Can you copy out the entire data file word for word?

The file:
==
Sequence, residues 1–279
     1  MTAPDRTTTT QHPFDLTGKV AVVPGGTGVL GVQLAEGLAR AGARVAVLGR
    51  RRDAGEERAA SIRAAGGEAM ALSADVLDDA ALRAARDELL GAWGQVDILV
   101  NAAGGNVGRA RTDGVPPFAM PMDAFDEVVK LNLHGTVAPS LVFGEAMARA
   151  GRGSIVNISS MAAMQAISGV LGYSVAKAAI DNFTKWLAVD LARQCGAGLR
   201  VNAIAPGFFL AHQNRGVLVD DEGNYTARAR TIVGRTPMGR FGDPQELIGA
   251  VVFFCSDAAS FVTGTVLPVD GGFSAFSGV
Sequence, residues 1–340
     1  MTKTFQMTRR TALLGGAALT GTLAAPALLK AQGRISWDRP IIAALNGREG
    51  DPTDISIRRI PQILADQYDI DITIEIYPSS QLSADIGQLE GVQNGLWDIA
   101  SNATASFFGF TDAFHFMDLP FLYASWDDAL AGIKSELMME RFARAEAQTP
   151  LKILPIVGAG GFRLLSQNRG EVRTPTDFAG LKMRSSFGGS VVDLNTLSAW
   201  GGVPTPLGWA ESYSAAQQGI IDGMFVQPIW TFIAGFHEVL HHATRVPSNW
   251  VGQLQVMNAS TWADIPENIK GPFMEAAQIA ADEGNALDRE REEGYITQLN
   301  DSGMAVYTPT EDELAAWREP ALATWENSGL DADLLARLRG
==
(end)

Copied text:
Sequence, residues 1–279
     1  MTAPDRTTTT QHPFDLTGKV AVVPGGTGVL GVQLAEGLAR AGARVAVLGR
    51  RRDAGEERAA SIRAAGGEAM ALSADVLDDA ALRAARDELL GAWGQVDILV
   101  NAAGGNVGRA RTDGVPPFAM PMDAFDEVVK LNLHGTVAPS LVFGEAMARA
   151  GRGSIVNISS MAAMQAISGV LGYSVAKAAI DNFTKWLAVD LARQCGAGLR
   201  VNAIAPGFFL AHQNRGVLVD DEGNYTARAR TIVGRTPMGR FGDPQELIGA
   251  VVFFCSDAAS FVTGTVLPVD GGFSAFSGV
Sequence, residues 1–340
     1  MTKTFQMTRR TALLGGAALT GTLAAPALLK AQGRISWDRP IIAALNGREG
    51  DPTDISIRRI PQILADQYDI DITIEIYPSS QLSADIGQLE GVQNGLWDIA
   101  SNATASFFGF TDAFHFMDLP FLYASWDDAL AGIKSELMME RFARAEAQTP
   151  LKILPIVGAG GFRLLSQNRG EVRTPTDFAG LKMRSSFGGS VVDLNTLSAW
   201  GGVPTPLGWA ESYSAAQQGI IDGMFVQPIW TFIAGFHEVL HHATRVPSNW
   251  VGQLQVMNAS TWADIPENIK GPFMEAAQIA ADEGNALDRE REEGYITQLN
   301  DSGMAVYTPT EDELAAWREP ALATWENSGL DADLLARLRG